SIGN UP FOR UPDATES!
Sign up for Englemed updates from TwitterSign up for Englemed updates from Facebook
ENGLEMED
Contact Englemed
Our contact email address.
We can provide a specialist, tailored health and medical news service for your site.
Click here for more information
RSS graphic XML Graphic Add to Google
About Englemed news services - services and policies.
Englemed News Blog - Ten years and counting.
Diary of a reluctant allergy sufferer - How the British National Health Service deals with allergy.
BOOKS AND GIFTS THIS WAY!
BookshopFor books on women's health, healthy eating ideas, mental health issues, diabetes, etc click here
SEARCH THIS SITE
Copyright Notice. All reports, text and layout copyright Englemed Ltd, 52 Perry Avenue, Birmingham UK B42 2NE. Co Registered in England No 7053778 Some photos copyright Englemed Ltd, others may be used with permission of copyright owners.
Disclaimer: Englemed is a news service and does not provide health advice. Advice should be taken from a medical professional or appropriate health professional about any course of treatment or therapy.
FreeDigitalPhotos
www.freedigitalphotos.net
FreeWebPhotos
www.freewebphoto.com
FROM OUR NEWS FEEDS
Worldwide measles outbreak deadly for infants
Fri Dec 6th - The world has been facing a "devastating" outbreak of measles, leading to thousands of deaths, according to stark new figures. More
Bariatric surgery leads to heart improvements - conference
Fri Dec 6th - Obese individuals undergoing bariatric surgery could also reverse subclinical heart dysfunction, a conference has heard. More
RECENT COMMENTS
On 08/02/2018 David Kelly wrote:
Would you like to write a piece about this to be i... on Researchers unveil new pain re...
On 23/10/2017 Cristina Pereira wrote:
https://epidemicj17.imascientist.org.uk/2017/06/21... on HIV breakthrough - MRC...
On 12/09/2017 Aparna srikantam wrote:
Brilliant finding! indeed a break through in under... on Leprosy research breakthrough...
On 01/07/2017 Annetta wrote:
I have been diagnosed with COPD for over 12 years.... on Seaweed plan for antimicrobial...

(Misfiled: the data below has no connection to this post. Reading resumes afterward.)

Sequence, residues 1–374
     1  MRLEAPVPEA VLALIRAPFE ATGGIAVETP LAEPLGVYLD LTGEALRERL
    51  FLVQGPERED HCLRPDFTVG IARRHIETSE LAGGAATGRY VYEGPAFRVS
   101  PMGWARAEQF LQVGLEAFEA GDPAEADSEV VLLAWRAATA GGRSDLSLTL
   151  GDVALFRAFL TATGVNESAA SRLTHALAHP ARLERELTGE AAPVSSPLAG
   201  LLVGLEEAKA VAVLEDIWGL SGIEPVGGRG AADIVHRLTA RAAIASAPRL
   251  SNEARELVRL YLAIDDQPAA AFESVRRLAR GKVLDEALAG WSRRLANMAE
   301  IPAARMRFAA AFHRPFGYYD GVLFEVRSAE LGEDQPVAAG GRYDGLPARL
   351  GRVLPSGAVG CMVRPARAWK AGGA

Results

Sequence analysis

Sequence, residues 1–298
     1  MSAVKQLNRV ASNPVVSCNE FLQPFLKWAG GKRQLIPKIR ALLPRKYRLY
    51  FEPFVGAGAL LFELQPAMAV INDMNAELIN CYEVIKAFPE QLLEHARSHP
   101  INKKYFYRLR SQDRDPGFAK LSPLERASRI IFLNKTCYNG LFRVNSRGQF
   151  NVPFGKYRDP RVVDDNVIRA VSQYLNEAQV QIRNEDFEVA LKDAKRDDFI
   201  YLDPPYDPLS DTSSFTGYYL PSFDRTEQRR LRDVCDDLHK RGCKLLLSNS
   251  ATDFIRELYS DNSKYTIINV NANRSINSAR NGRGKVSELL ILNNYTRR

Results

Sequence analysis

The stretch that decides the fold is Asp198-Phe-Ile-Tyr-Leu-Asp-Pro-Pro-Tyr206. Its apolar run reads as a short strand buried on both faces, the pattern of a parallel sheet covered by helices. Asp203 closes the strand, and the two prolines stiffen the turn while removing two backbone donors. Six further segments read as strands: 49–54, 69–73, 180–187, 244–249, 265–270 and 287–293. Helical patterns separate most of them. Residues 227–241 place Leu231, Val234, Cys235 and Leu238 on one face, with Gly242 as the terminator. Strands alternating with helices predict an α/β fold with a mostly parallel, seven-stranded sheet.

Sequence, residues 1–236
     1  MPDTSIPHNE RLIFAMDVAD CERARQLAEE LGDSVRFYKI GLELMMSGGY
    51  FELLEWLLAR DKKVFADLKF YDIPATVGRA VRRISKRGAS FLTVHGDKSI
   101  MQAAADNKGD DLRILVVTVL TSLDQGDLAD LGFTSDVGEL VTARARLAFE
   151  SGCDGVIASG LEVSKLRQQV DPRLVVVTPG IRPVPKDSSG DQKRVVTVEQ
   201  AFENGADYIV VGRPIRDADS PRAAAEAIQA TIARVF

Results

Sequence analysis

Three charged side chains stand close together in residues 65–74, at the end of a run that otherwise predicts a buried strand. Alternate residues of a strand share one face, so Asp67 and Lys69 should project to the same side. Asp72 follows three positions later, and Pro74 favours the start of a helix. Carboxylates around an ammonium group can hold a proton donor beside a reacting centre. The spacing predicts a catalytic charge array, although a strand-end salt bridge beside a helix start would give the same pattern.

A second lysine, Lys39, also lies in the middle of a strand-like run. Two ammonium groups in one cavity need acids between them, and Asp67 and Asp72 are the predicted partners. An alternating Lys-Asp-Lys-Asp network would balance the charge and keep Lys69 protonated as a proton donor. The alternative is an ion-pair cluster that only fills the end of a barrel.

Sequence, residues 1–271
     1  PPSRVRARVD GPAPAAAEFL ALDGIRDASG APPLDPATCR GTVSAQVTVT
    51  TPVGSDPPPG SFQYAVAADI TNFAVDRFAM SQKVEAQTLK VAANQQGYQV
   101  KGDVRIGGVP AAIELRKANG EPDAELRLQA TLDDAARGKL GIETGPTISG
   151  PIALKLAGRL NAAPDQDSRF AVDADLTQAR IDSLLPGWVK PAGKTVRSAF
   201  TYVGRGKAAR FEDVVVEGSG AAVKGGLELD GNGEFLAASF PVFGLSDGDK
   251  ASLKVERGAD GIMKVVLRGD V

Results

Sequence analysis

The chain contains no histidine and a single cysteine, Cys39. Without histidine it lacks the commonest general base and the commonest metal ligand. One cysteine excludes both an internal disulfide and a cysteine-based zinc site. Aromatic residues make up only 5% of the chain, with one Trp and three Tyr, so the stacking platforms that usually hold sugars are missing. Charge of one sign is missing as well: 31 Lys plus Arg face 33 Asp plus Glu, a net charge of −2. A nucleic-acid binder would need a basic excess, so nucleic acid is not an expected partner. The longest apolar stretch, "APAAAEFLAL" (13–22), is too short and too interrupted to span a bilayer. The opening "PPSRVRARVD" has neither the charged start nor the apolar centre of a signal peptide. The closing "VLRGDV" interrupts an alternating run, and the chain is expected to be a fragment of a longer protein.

On 12/03/2017 Steph wrote:
The photo you have paired with this article is its... on 'Fat shaming' limits...
OTHER NEWS FEEDS OF INTEREST
ENGLEMED HEALTH NEWS

Mixed findings for iron status

Wednesday July 17th, 2019

New research has found a mixture of positive and negative effects of having naturally higher iron levels.

The work looked at the role that iron plays in over 900 diseases, by analysing genetic information from over 500,000 people.

Dr Dipender Gill of Imperial College London, UK, and colleagues explain that iron is essential for many physiological processes, but the association between iron status and stroke risk is not fully clear.

By using Mendelian Randomisation, the team had previously identified genetic variants linked to four biomarkers of iron status, which they believe are useful as indicators of overall iron status. They have now investigated the association between these genetic variants and cholesterol levels and the risk of stroke.

Now they can show that people with naturally high iron status tend to have a reduced risk of high cholesterol levels and of atherosclerosis - but a raised risk of blood clots that can trigger stroke and deep vein thrombosis together with more bacterial skin infections.

“Getting the right amount of iron in the body is a fine balance – too little can lead to anaemia, but too much can lead to a range of problems including liver damage,” says Dr Gill.

He added: “These studies reveal new avenues of research and present many questions. We are still unclear on how iron affects cholesterol levels, narrows arteries and form blood clots, but we have ideas.

“One possibility is that the lower cholesterol levels may be linked to the reduced risk of arteries becoming furred. Furthermore, higher iron levels may cause blood clots to arise when flow is reduced, possibly explaining the increased chance of clots.”

Results appear today (17 July) in The Journal of the American Heart Association.

Gill, D. et al. Effects of Genetically Determined Iron Status on Risk of Venous Thromboembolism and Carotid Atherosclerotic Disease: A Mendelian Randomization Study. The Journal of the American Heart Association 17 July 2019; doi: 10.1161/JAHA.119.012994

Tags: Genetics | Heart Health | UK News

Printer friendly page Printer friendly page

Comment on this article:

Name:
Email:
Comment:
<a>,<b> & <p> tags allowed
Please enter the letters displayed:
(not case sensitive)
CATEGORIES